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“From grief to joy & from mourning to a festive day…”

Perfect Megilla phrasing applies to our Matanot L’evyonim campaign: replacing sadness with celebration

Sunday, March 03, 2024

The day after Tu B’shvat is always the kickoff to a season of stress for Miriam B. That’s when Israeli stores start to bring out their Purim merchandise. With each day that passes in the lead up to the holiday, the vibrant displays grow larger, with ever expanding choices of costumes, noisemakers, hamantaschen and other assorted holiday-themed items spilling out into the aisles and exhibited on sidewalks outside.

Anxiety for Purim

Like so many other parents of needy families, the displays cause her anxiety. They taunt her, teasingly reminding her of her inability to provide for her family on Purim. Miriam knows that her children will not be among those who will pick out new sparkly costumes or choose colorfully wrapped mishlochei manot for their friends this year. She worries about how to afford a few special items for a seuda, maybe some chicken or for a real treat, some meat. She worries about how to create a fun, festive environment at home, one that still “feels” like Purim despite her inability to provide very much. 

A single mother of 5, earning a cashier’s salary in Jerusalem (and working at odd jobs when she can find them), every shekel must be accounted for if there is going to be food on Miriam’s table every day. The climbing bimonthly electric bill always looms over her, not to mention the dental bills, tutor’s fees, costs of clothes and shoes (though she usually buys those second hand) and all the other necessities for her family. Miriam’s oldest son will be a bar mitzvah after Lag B’omer. She can’t even think about that yet.
Right now her thoughts are focused on Purim:

Small things that are big for a child

“For us, Purim time is actually really, really hard. The sights and sounds of ‘marbim b’simcha’ are all around and of course, my kids notice. They want to do everything their friends are doing- like exchanging pretty packages for mishlochei manot, for example. It seems like a small thing but it's big for a child. You’d be surprised at how much pressure it puts on them, how embarrassing it is when friends at school are trading beautiful items and my kids give a couple of little snacks. I do my best but I have to be realistic-I just can’t afford to send them with more than that. Another "small thing" that is big for children are the excited conversations revolving around new costumes-conversations that they can listen in on but never participate in.

Purim seudas -no different from a weekday meal

And then there are the larger things like the Purim seuda - my kids hear descriptions of big get togethers with extended family and friends and fancy foods and desserts. I wish I could make that for them. But they know that ours will be something small and basic. Their father is not in contact so it's just the six of us and a meal that, honestly, won't be very different from what we eat on a regular weeknight.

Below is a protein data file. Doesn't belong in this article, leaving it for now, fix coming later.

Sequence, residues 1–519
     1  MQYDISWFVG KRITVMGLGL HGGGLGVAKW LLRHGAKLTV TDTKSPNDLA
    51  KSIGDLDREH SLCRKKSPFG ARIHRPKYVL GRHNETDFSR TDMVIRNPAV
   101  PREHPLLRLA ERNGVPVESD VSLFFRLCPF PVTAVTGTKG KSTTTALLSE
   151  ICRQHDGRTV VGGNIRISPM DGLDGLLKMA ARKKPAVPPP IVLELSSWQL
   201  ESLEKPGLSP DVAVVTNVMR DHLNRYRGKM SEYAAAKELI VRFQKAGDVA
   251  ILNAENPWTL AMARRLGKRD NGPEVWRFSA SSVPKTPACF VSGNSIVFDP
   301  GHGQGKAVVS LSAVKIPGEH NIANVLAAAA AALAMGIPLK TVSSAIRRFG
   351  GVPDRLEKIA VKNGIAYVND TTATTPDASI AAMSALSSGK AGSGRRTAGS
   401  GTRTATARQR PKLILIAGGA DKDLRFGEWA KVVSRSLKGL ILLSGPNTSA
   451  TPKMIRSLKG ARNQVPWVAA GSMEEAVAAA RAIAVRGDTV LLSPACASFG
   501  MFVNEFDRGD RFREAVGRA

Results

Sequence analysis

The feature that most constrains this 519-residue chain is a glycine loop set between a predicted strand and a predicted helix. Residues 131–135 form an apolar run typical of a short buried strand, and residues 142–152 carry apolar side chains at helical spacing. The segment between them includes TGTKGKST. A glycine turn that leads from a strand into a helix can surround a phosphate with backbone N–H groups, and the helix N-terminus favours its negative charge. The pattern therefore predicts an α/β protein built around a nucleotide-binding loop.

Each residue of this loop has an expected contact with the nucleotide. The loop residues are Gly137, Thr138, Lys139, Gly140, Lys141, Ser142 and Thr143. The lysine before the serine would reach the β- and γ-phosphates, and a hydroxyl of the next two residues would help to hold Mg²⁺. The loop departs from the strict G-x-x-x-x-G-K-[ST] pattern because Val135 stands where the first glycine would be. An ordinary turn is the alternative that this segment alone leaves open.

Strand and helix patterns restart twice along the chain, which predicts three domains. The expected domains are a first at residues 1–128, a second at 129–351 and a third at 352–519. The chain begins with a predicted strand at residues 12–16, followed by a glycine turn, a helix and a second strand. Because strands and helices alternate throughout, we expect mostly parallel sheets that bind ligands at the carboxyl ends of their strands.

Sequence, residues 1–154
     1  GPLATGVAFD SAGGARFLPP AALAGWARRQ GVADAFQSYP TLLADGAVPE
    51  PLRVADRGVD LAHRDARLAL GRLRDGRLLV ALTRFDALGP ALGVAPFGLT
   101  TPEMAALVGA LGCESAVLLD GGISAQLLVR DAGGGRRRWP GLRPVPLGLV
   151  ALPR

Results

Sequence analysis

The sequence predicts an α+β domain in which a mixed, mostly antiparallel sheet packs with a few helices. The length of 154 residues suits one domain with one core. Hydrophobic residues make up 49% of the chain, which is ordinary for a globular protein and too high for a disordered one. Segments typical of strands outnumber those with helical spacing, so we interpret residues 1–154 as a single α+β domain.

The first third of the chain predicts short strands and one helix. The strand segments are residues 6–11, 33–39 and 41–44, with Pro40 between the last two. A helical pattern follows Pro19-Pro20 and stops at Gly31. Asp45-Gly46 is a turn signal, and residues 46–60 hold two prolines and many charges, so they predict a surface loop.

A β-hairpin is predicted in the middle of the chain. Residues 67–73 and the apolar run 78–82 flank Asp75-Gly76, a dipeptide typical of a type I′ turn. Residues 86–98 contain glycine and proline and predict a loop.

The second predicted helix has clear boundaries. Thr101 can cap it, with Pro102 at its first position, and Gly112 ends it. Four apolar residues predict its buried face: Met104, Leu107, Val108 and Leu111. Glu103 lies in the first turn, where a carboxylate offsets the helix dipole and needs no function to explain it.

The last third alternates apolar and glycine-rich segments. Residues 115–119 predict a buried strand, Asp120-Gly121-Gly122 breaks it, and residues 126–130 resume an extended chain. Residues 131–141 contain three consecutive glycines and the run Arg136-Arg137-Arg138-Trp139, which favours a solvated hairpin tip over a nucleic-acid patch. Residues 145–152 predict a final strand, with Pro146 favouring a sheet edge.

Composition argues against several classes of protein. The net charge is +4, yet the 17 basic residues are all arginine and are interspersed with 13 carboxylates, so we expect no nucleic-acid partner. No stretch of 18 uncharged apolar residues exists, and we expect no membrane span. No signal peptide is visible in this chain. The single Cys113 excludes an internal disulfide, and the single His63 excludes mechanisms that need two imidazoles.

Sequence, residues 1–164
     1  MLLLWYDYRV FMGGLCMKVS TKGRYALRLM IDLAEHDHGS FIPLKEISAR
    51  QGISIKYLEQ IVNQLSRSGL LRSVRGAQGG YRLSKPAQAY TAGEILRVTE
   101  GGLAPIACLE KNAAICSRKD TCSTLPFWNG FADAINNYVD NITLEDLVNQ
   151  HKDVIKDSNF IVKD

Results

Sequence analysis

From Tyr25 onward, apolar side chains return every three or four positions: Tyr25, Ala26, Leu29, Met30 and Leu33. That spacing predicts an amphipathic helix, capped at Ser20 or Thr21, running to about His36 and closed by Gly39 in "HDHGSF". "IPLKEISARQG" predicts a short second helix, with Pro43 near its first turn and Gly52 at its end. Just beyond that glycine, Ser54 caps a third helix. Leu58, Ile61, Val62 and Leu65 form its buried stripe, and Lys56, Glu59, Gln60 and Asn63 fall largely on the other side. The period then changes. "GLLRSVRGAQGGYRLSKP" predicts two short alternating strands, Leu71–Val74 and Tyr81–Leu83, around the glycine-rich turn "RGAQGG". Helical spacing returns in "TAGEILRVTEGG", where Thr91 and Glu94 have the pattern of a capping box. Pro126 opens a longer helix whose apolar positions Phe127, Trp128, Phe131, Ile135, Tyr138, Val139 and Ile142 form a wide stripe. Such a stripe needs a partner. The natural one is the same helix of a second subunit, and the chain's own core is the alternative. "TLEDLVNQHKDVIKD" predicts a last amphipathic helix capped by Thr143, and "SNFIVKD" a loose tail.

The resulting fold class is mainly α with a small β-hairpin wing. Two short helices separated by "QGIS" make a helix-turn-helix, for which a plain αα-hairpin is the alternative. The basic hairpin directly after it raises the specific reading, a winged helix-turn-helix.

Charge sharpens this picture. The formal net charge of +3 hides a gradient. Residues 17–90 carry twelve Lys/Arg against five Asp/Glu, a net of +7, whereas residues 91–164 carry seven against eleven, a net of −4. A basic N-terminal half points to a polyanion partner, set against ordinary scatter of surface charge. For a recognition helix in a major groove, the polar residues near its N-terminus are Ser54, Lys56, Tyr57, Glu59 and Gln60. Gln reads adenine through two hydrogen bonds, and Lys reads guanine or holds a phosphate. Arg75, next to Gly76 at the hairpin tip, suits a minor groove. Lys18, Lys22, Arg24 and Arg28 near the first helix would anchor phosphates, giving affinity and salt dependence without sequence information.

Purim is a beautiful, kadosh yom tov with so much meaning, and thank G-d we will hear the megilla just like everybody else. But it’s the compilation of all these things that make Purim really feel like a chag, like a celebration. So when some of them are missing because I can’t provide, it takes away. My older kids see why it’s hard. 
They notice my worry over prices at the store, they see me struggling, often putting things back on the shelf because I don't have the money. But my younger ones don’t understand why I’m always saying 'no'."

Matanot L'evyonim will change Purim for the needy

American Friends of Yad Eliezer/B'ezri’s annual Matanot L’evyonim campaign aims “to v’nahafoch hu” and help parents like Miriam say “yes” for Purim instead of her usual “no”.
We plan to allocate support to more than 5,000 homes including 1000 families of grushot and other needy households.
The 900 Almanos in our Keren will be receiving extra support for Purim, too. 

Donations will help them fulfill their Purim mitzvot with dignity, enabling parents and children to sit down to a full, festive seuda table. And just as 14/15 Adar was נֶהְפַּ֨ךְ לָהֶ֤ם מִיָּגוֹן֙ לְשִׂמְחָ֔ה וּמֵאֵ֖בֶל לְי֣וֹם ט֑וֹב, (“reversed from grief to joy, and mourning to a festive day”) the atmosphere in their homes will be transformed from one of shame and disappointment to simcha as they celebrate Purim like the yom tov it is. Donors' tzedaka, low overhead, thorough planning and effective procedures are what make us one of the widest reaching Jewish charities in Israel, helping families throughout the country.

With costs of living only rising, our help is desperately needed.
Please join us as we once again make a transformation for needy families this Purim!


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